Ambient temperature advise for brewing..

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RustyV8

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Hi all,
So, this is my very first brew and very first post related to brewing .... so please be gentle! :-) I seriously cant wait to get started but am trying to curb my enthusiasm so that i do it right the first time (or close to right anyway).
Ive purchased a Coopers kit and am going to go with the Family Secret Amber Ale as my first attempt instead of the lager that comes included with the kit. I also bought a pack of the Brew Enhancer 2 as i've read it improves the color, taste and also increases the % up to something around 4.7%ish (the guy in the store told me its only about 3.3% otherwise... but i've read conflicting stuff online so not sure)

Anyway... I have 2 possible places to store it while it works its magic. My outside storeroom (insulated/heated) is around 18degC, or, inside the house under the stairs is about 21.5decC. My understanding is that the Ale needs to be kept around 21-27 but ive also read that it should be 18-22. So a bit confused..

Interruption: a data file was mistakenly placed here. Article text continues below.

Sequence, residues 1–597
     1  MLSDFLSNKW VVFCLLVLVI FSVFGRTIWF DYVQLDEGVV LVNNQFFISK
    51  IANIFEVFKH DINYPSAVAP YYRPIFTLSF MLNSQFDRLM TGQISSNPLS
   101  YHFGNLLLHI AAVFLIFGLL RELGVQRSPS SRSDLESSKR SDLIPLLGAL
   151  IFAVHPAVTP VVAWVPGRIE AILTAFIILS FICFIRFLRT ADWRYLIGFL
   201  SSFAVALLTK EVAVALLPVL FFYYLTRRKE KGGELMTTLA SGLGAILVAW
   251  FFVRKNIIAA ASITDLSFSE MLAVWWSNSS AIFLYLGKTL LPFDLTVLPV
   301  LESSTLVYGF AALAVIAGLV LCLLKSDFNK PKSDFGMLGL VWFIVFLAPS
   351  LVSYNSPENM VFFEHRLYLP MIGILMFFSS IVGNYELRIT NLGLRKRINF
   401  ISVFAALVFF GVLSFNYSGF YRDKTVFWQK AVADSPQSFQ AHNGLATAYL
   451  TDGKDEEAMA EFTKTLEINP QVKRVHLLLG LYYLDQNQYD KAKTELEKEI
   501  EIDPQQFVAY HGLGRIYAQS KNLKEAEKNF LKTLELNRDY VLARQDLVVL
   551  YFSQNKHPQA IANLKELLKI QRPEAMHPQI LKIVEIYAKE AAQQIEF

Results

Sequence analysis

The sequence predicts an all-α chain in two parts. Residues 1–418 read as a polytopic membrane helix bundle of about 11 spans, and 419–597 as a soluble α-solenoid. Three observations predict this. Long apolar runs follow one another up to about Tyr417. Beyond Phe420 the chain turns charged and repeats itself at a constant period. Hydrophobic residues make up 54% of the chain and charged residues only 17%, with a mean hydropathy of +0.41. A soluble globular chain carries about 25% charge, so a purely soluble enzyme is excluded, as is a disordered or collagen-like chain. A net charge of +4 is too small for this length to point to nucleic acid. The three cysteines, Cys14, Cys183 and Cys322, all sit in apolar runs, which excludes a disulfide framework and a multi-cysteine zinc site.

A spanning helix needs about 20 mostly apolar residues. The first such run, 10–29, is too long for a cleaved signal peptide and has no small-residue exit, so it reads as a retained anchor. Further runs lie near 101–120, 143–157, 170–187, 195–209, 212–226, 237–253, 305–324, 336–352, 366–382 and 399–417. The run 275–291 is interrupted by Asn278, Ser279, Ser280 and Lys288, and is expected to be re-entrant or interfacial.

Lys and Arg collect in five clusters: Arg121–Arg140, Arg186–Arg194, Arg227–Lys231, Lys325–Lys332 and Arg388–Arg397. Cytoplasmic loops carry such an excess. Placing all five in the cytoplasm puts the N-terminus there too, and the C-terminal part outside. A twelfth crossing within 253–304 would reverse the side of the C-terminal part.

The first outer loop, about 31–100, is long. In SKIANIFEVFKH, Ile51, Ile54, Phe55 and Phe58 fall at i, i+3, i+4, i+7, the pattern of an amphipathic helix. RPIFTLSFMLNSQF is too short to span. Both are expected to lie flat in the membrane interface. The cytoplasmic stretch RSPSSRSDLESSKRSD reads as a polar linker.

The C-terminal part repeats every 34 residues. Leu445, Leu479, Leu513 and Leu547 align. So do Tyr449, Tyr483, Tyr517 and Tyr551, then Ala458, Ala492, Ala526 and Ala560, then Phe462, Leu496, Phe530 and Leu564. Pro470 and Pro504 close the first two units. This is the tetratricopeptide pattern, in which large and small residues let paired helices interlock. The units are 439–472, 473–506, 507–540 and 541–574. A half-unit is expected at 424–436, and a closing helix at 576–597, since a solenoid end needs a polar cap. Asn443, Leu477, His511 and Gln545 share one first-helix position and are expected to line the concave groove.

Would the outside storeroom at 18 ambient temp be enough to maintain 20ish in the FV? Or should I bung it under the stairs at 21+ in the dark?

All advise appreciated.....
 

RustyV8

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Oops I also forgot to ask.... as I am adding the BE2 to the mix, do you think the gear inclued in the kit will correctly measure the OG/FG of the beer?
 

terrym

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If it's your first kit beer you might find this useful
Basic beginners guide to brewing your own beer from a kit - The HomeBrew Forum
Next you have bought a one can kit. These require extra sugars to bring them up to 'normal' beer strengths, when brewed to 21 -23litres. Typically you can add any combination of brewing sugar and malt extract (dried or liquid), or in your case beer or brew enhancer which contains dextrose and malt extract and perhaps maltodextrose which adds mouthfeel to the beer. If you had bought a premium kit which cost about twice as much as your one can you don't need to add any extra sugars.